Inclusion for Birthday Parties

Homemade birthday bombs are perfect entertainment for any kids' birthday party. (Fotolia)One of the heartbreaking episodes that teachers witness is when children come to school and eagerly give out their birthday invitations . . . to a select few. Sometimes, we are able to quietly intervene and help the child place the invitations in the backpacks at recess or the end of the day, but too often . . . well, you get it--feelings are hurt. If at all possible, please do not use the school as the delivery site for birthday invitations.

To parents of children with special needs, the whole birthday party issue can be especially hurtful. Their child is not often included. So, what can you do to be mindful of the children who so dearly want to be included? Here are a few tips.

1. Invite the child and their parent to attend. It gives you an extra pair of hands and reduces the anxiety of both child and parent.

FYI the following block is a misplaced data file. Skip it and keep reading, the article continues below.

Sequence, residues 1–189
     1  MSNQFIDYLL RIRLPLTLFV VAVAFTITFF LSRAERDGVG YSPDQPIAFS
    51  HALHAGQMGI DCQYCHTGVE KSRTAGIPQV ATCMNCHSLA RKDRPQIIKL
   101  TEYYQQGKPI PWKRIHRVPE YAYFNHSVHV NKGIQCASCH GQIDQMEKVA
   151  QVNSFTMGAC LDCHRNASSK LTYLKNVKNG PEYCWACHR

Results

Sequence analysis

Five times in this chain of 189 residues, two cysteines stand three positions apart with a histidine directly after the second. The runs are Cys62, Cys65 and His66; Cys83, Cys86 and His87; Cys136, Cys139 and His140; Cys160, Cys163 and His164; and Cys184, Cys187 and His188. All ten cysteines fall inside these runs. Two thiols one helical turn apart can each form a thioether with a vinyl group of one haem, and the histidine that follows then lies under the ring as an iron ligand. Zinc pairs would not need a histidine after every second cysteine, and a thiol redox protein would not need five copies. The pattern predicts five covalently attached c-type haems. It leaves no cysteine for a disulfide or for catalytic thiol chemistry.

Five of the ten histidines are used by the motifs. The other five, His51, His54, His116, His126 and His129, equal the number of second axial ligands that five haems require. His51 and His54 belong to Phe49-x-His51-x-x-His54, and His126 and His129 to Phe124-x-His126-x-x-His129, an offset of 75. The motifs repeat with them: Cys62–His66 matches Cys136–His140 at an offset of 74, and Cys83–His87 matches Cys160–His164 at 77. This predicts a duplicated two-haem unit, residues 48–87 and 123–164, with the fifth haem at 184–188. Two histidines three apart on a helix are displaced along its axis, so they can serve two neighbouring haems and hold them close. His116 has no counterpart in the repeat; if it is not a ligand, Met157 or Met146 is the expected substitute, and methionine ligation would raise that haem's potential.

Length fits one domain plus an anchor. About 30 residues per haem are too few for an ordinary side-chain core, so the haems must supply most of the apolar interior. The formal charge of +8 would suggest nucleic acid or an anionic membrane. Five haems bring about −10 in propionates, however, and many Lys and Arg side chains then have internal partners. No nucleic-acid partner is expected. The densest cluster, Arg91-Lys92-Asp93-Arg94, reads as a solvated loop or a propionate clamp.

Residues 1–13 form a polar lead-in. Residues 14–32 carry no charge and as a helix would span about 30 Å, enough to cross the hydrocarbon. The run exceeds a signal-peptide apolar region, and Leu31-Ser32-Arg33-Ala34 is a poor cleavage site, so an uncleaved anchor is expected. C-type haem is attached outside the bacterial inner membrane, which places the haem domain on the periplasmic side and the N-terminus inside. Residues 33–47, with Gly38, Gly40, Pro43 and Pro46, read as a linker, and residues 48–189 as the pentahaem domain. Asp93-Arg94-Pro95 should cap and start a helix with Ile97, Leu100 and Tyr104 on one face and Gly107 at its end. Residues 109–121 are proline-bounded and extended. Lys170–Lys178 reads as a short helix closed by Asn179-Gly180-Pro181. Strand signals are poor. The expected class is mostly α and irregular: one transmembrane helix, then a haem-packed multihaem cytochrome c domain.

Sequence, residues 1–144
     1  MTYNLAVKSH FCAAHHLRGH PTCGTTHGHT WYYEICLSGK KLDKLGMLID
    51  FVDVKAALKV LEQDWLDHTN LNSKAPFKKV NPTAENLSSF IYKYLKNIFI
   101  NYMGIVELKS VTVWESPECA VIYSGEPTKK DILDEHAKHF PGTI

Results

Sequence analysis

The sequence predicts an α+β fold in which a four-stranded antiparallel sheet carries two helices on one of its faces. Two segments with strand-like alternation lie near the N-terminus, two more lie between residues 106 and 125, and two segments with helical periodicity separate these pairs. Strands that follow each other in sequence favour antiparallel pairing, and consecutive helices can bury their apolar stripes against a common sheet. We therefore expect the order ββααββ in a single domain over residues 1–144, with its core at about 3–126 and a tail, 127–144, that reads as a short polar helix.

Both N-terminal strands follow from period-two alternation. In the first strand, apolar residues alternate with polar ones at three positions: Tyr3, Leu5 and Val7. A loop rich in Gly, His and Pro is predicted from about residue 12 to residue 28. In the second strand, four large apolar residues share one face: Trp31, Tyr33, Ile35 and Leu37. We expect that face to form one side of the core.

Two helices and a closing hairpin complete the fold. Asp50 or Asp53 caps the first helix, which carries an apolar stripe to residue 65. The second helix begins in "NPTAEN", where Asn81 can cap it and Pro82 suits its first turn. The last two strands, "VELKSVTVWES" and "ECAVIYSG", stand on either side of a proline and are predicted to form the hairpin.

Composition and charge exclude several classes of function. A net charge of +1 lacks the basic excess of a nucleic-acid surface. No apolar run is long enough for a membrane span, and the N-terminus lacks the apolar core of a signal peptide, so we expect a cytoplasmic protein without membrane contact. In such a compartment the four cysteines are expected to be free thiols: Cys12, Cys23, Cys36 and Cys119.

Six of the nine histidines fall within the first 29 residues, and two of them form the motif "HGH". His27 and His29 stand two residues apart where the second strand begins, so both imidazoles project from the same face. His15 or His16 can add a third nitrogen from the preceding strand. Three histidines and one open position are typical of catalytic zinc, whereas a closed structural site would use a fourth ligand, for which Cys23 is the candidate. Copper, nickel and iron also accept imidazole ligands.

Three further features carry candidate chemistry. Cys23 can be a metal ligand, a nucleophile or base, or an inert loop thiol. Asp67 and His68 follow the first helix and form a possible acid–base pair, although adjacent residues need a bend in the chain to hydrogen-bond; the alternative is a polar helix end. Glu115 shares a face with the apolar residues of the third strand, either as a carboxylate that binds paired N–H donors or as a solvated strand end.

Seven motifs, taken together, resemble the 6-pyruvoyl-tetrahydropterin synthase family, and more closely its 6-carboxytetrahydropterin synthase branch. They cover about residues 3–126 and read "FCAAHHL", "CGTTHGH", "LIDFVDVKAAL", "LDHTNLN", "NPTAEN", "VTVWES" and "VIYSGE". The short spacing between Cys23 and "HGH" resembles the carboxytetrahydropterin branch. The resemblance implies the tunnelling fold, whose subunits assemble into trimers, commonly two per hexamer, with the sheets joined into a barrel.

2. Call the parent prior to the invitations going out, and explain that you would like their child to attend, and explain what the party entails. There may be mobility aids, or special comforts that the parent might bring to make the time at the party successful. By giving the parent a basic schedule of what the party looks like, he/she will be able to prepare a child by making a visual schedule and social stories ahead of time to prepare the child.
3. Ask if the duration of the party is right for the child, and ask their advice about early or later arrival and pick-up. (By giving the schedule, the parent can know better whether this party will be successful for the child.)
4. Provide a quiet space. Think ahead of games that you intend to play, so that you are prepared with ways to support inclusion in the games. You will be surprised how supportive your children's friends are with 'bending the rules' to ensure everyone has fun. Children get that fairness includes helping everyone to participate.

What experiences have you had that made inclusion a success?

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